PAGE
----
And, others quietly wandered around us among the headstones looking for friends or loved ones.
Lost in Thoughts of the Past
The Panteón is a Large City
In looking across the panteón, it seemed to be like a large city, and each pathway was a street with a name like "Calle 15" just like in town.

And there were all ages of people, from the very young to the very old.

Maybe that´s why in some places, a cemetery is called a necropolis . The city of the dead.

In Mexico, the inhabitants of old Veracruz seem to be alive in the hearts of the visitors, and it is where we will finally come to join those who are already here.
Looking for Loved Ones
Strange Visitors
I was lost in my thoughts looking around while Irma continue to quietly make a wreath of large yellow marigolds, when I looked up.

Standing there was a lady and young girl. They had appeared from nowhere.

The lady asked Irma if she would like for them to say some prayers for her father. Irma said yes, that would be fine.

I had no idea where this lady had come from, but figured she wanted a few coins for her services.

To Say a Prayer
There are professional people who come to the funerals of the poor people and charge less than a priest to say prayers during the wake.

The lady and the girl said a few short prayers in a singsong voice, then left a blank space so that Irma could fill in the name of her father.
Our Strange Visitors
To Sing A Hymn
When the prayer was finished, they asked if she wanted them to sing a hymn, and Irma replied yes. It sounded like a very old Spanish hymn from a 16th century Mexican church.

I recorded some of it on an .mpg and it still sounds a little eerie. Here is a video clip of the hymn they sang.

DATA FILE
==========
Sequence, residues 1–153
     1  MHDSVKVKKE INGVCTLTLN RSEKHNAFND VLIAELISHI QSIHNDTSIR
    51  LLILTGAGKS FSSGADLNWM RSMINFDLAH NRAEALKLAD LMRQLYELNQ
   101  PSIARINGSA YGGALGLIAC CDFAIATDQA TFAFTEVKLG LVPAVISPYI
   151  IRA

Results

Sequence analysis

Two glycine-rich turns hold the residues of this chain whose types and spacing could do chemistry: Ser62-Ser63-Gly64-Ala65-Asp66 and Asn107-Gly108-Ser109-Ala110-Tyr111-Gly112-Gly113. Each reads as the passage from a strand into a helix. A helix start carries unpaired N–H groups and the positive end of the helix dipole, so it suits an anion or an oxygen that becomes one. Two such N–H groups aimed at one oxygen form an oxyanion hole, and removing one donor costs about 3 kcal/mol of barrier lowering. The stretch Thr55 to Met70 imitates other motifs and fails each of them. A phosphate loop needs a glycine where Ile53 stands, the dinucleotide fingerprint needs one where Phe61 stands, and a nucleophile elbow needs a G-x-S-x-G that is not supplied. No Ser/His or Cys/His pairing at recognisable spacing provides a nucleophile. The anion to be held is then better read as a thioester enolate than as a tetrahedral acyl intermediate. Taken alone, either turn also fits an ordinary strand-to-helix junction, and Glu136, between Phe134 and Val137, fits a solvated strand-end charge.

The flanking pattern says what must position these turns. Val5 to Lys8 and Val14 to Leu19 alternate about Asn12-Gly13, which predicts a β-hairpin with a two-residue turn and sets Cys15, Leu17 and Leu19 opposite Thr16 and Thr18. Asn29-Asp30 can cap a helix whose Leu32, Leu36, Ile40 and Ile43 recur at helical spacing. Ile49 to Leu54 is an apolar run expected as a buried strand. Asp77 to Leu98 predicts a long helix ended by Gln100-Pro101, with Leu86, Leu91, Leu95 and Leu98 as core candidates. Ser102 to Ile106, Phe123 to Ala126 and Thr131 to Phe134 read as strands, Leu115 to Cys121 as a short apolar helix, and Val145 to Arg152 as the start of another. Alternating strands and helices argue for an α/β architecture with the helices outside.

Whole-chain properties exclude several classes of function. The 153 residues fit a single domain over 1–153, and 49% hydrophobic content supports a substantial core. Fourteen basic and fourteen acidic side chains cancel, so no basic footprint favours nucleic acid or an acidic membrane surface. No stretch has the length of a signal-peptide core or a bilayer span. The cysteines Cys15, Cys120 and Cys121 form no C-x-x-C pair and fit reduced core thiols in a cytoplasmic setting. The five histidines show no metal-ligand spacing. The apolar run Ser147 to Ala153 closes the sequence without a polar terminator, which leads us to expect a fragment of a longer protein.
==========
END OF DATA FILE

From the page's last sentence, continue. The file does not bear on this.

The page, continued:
I kind of expected them to ask for a donation, but they didn´t ask for a thing, and didn´t look put out when we didn´t offer anything other than a thank you.

They thanked us politely, and walked away disappearing among the graves. It left us speechless, and we never saw them again.
Flower Arrangements
Mission Accomplished
The sun began to come out, and Irma finished the flower arrangement for her father´s grave.

She said she preferred the red zinnia like flowers over the traditional bright yellow marigolds.

We talked a little about her fathers life. He was from Puebla and her mother is from a small town near Oaxaca.

She said that her family doesn't often celebrate the Día de los Muertos and wondered if her sisters would come this year.

Her mother told her she wouldn´t come this year.
On the Way Out
In her family, celebrating a particular day isn´t that important. This year she had felt like coming.

Time to Go
It looked like the rain was coming back, so we packed things up and walked back down the wide path towards the front gate.

People were still coming into the cemetery in spite of the threatening rain.

A Land of Many Customs
When you first come to Mexico, you see customs like the Día de los Muertos and wonder about it.

This is a large land of ancient traditions and customs. Many of them are very old and interesting
El Altar
Impossible to Know Everything
So, I am always asking my friends if they will explain these things to me.

When there is no explanation, I tell them I guess it´s an old Mexican custom.

It's because even the local people sometimes don´t have a ready explanation.When they don't know, we both kind of laugh.

It´s impossible to know everything about Mexico.
El Altar
The Mysteries of Mexico
Such was the case when we passed an Altar de los Muertos set up at the front gate.

It was full of fruit and candy skulls with some flowers off to one side of the large table.

I wondered who the portraits were of. They looked like they might be local politicians from the near distant past

I asked Irma who they were, but she didn´t know. I guess most people don't pay attention to politicians after they are gone.
Tailgate Business
Shelter from a Passing Shower
Just then, it began to rain hard, and the food and flower vendors hurriedly began to cover their wares.

We ran for the car jumping over the puddles.

For a moment during one of the heavier showers, we huddled under the shelter of one of the tents before making a dash for the car.

I asked the flower lady if they will sell all the flowers.

"Yes", she said, "We always sell all flowers."

Some of these customs are still a mystery to me.

Maybe next year, I´ll learn a little more.